Drug usingis accepted when it contributes to productivity (through stimulating or relaxing)‏

Hedonistic reasons condemned in modern capitalist society

Become desirable for groups who

have limited opportunities to participate in consumer society

do not value the opportunities of consumer society

vietnam veterans 3 year s after v ietnam robbins et al 1979
Vietnam veterans 3 years after Vietnam (Robbins et. al. 1979)‏

High % of heroin use among soldiers in Vietnam (54%)‏

After 3 years 12% of previous addicts still used heroin

War as favourable context of drug use

Pharmacological influence of heroin was not powerful enough to keep men addicted afterwards

drugs set and setting zinberg 1984
Drugs, set and setting (Zinberg 1984)‏

Three variables which influence drug-taking behaviour




The setting is divided into two aspects

Rituals - the stylized, prescribed patterns surrounding the use of drug

Social sanctions - norms regarding whether and how particular drug should be used

recreational drug use
Recreational Drug Use

Cambridge International Dictionary of English: ‘Recreational - (a way of) enjoying yourself when you are not working’

Limited to leisure time only

Does not disturb everyday activities, working or learning

Does not cause evident physical harm

The user has no compulsory need to consume drugs

problem drug use
Problem Drug Use

Problem drug use refers to ‘injecting drug use or long-duration/regular use of opiates, cocaine and/or amphetamines’(EMCDDA)‏

Negatively affects person’s everyday activities

Problems with criminals or law enforcement agencies

“Losing control”/ becoming addicted

normalization of drug use
Normalization of drug use

Accommodation of behavioural norms, which were considered deviant before, among the larger group of society

Normalisation thesis

Drugs’ availability: the commodification of drugs and globalization of their supply, means that by 18 years of age most young people have been in situations where they could buy or try drugs

Drug experimentation: there has been a sustained rise in drug experimentation such that 50–60 per cent of young people have experimented with drug use on at least one occasion by the age of 18. Previously existing gender and social class differences in drug experimentation are being eroded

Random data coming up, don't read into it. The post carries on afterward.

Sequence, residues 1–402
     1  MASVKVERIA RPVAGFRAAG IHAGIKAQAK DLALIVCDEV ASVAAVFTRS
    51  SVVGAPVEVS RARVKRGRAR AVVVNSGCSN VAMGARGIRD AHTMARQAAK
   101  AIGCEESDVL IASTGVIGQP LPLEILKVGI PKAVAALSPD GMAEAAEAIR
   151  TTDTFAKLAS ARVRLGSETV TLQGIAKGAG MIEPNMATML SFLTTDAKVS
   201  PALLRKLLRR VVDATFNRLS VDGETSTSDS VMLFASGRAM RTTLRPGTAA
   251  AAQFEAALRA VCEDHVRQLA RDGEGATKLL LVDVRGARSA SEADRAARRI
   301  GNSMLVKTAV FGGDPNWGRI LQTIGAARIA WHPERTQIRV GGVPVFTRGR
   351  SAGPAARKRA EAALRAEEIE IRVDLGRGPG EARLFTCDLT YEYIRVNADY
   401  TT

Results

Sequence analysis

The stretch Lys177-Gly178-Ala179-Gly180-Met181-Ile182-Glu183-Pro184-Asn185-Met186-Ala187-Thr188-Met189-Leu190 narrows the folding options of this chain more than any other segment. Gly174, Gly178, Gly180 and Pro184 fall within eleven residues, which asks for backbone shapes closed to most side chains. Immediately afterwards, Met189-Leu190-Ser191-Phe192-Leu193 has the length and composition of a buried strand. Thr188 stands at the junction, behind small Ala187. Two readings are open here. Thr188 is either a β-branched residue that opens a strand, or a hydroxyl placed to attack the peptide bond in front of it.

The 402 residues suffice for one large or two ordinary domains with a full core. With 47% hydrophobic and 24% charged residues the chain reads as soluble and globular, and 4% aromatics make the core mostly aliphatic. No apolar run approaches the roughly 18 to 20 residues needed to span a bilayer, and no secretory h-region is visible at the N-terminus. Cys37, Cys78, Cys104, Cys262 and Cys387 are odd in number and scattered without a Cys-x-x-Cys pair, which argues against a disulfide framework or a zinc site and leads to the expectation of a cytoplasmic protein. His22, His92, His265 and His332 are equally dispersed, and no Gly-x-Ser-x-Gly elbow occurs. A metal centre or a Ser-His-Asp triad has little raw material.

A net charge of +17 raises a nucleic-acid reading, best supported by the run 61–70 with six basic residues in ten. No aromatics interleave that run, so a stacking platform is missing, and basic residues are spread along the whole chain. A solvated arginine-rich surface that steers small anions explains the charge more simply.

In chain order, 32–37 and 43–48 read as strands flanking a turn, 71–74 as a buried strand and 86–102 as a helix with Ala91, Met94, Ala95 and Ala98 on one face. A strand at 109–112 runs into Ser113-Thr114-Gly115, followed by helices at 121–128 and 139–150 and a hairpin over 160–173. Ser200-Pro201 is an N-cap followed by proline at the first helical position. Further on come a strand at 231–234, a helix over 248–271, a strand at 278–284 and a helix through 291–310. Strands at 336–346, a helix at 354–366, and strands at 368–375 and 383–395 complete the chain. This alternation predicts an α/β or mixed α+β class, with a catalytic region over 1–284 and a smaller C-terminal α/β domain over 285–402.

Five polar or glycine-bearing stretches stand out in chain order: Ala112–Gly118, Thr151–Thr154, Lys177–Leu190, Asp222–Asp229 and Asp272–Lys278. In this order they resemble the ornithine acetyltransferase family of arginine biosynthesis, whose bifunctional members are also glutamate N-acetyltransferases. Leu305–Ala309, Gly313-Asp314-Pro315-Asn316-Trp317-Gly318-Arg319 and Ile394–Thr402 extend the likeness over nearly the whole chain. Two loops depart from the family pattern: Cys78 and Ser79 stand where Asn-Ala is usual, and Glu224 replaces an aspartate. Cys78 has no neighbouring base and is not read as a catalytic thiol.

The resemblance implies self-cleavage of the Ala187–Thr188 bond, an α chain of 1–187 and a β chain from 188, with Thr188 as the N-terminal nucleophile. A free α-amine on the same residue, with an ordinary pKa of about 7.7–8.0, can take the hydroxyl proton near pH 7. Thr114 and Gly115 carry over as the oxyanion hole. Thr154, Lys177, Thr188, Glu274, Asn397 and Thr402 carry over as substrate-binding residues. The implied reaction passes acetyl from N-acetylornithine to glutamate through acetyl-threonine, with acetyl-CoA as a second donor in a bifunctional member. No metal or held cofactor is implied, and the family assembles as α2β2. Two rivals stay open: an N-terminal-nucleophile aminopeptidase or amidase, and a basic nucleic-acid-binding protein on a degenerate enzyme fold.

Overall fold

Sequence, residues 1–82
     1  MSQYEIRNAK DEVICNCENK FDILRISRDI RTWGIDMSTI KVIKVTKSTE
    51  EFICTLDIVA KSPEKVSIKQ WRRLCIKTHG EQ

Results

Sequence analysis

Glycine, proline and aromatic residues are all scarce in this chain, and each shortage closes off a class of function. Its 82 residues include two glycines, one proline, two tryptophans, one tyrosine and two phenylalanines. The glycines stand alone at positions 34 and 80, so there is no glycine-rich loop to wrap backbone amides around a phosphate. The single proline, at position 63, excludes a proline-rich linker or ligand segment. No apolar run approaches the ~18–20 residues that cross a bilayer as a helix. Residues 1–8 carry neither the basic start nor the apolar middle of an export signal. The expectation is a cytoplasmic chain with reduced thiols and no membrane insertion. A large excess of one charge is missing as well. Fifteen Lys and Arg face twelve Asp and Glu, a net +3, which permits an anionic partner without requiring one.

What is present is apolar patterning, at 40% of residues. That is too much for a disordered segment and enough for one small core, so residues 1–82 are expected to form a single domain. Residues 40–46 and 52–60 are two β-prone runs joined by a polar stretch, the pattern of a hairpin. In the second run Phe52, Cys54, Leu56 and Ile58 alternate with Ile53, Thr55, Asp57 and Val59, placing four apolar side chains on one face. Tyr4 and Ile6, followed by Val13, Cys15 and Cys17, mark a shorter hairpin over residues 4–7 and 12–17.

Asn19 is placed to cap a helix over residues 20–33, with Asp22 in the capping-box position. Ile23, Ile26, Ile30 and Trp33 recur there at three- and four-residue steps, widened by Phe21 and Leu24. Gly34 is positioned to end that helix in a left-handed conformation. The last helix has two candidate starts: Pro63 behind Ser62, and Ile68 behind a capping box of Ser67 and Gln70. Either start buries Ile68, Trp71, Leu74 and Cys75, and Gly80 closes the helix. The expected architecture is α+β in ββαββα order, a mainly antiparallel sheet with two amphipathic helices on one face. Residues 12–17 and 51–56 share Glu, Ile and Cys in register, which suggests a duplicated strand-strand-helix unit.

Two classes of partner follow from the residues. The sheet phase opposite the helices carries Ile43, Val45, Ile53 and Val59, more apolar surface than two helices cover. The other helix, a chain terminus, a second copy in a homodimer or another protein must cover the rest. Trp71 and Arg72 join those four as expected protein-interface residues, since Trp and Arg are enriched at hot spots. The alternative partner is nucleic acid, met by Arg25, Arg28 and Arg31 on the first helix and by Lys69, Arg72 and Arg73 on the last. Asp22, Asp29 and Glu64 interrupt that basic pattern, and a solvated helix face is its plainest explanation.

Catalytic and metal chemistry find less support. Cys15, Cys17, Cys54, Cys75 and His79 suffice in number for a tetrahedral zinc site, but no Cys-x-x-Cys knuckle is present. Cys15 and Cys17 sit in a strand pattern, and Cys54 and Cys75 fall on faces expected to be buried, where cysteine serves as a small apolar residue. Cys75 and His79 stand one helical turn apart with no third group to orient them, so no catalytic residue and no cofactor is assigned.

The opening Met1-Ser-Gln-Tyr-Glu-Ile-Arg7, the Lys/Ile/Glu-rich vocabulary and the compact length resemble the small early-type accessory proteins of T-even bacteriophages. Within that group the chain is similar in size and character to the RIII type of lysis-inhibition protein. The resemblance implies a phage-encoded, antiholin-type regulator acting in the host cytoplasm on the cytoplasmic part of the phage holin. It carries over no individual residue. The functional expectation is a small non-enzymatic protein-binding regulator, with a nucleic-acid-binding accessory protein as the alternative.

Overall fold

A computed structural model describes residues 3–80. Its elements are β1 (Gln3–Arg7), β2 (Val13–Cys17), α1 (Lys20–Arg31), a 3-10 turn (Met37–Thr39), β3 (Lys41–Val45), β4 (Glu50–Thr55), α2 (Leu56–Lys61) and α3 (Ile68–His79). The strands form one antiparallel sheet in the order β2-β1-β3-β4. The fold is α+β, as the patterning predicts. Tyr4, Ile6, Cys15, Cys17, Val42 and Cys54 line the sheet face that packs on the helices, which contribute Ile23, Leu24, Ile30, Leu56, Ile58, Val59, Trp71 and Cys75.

Drug use: there has been a sustained rise in the number of young people using drugs regularly and employing cost–benefit assessments of the risks and pleasures in making their choices

Being drug-wise: young people exchange drug experiences and stories regardless of whether they use drugs or not. Abstainers begin to accommodate the drug use of others as long as it is ‘sensible’, recreational use

Future intentions: there is an open-mindedness about future drug use even among young adults who went through adolescence without taking illicit drugs

Cultural accommodation of the illicit: normalization signifies the accommodation of activities previously considered ‘deviant’ by young people themselves into mainstream cultural arrangements. This ‘desubculturalizes’ drug use and allows the recreational use of less physically addictive drugs within a range of busy study, work and leisure agendas
topics of seminars
Topics of seminars

Problem drug(heroin)use

Punch, M. (2005) Problem Drug Use and the Political economy of urban restructuring

Duerte et. Al. (2003) Tragic beauties: heroin images and heroin users Presenter Janna Järvinen

Recreational drug use

Salasuo, M. & Seppäla, P (2004) Drug use within Finnish club-culture as mark of distinction Presenter Robin Lybek

Moffat, B. et al. (2009) A gateway to nature. Teenagers’ narratives on smoking marijuana outdoors.

Risk perception

Hunt, G. et al. (2007) Drug Use and meanings of risk and pleasure Presenter Filippa Haglund

Rodner, S.(2006) Practicing Risk control in socially disapproved area

Drugs and gender

Hutton, F (2004) Up for it, mad for it.

Payne, J. (2007) Women Drug users in North Cumbria

Drugs and ethnicity
    • Room, R. (2005) Multicultural context and alcohol and drug use as symbolic behaviour PresenterHenning Silber
    • Miller-Day, M& Barnett, J. (2004) I am not a druggy
  • Drugs in Eastern Europe
    • Pilkington, H (2007) Beyond peer pressure
    • Miovski, M. (2007) Changing patterns of drug use in Czech
  • Dealing with drugs
    • Pearson, G & Hobbs, D (2003) King Pin?
    • Jacinto, C et al (2008) I am not a real dealer!
  • Harm reduction and drug treatment
    • McKeganey, N (2006) The lure and the loss of harm reduction in UK drug policy and practice
    • Tammi, T (2005) Diffusion of Public Health Views on Drug policy: the case of needle exchange in Finland
guidelines for presentation
Guidelines for presentation
  • Central focus/research problem of the article
  • Short overview of the article
  • Critic of the article. What questions it arised?
  • Argumentation of the article related to your knowledge or experience
  • If it is possible, make some connections to Finnish/Swedesh society
  • If it is possible, make some connections to theoretical perspectives known from other lectures